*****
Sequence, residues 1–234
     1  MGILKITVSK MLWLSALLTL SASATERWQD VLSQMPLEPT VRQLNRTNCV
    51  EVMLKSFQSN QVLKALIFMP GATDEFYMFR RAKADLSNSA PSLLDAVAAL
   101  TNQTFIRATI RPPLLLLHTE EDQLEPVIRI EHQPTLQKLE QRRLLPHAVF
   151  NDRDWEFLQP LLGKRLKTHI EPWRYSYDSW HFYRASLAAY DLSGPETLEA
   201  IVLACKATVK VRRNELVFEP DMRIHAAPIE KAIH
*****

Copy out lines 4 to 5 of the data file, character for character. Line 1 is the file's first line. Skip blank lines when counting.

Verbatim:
   101  TNQTFIRATI RPPLLLLHTE EDQLEPVIRI EHQPTLQKLE QRRLLPHAVF
   151  NDRDWEFLQP LLGKRLKTHI EPWRYSYDSW HFYRASLAAY DLSGPETLEA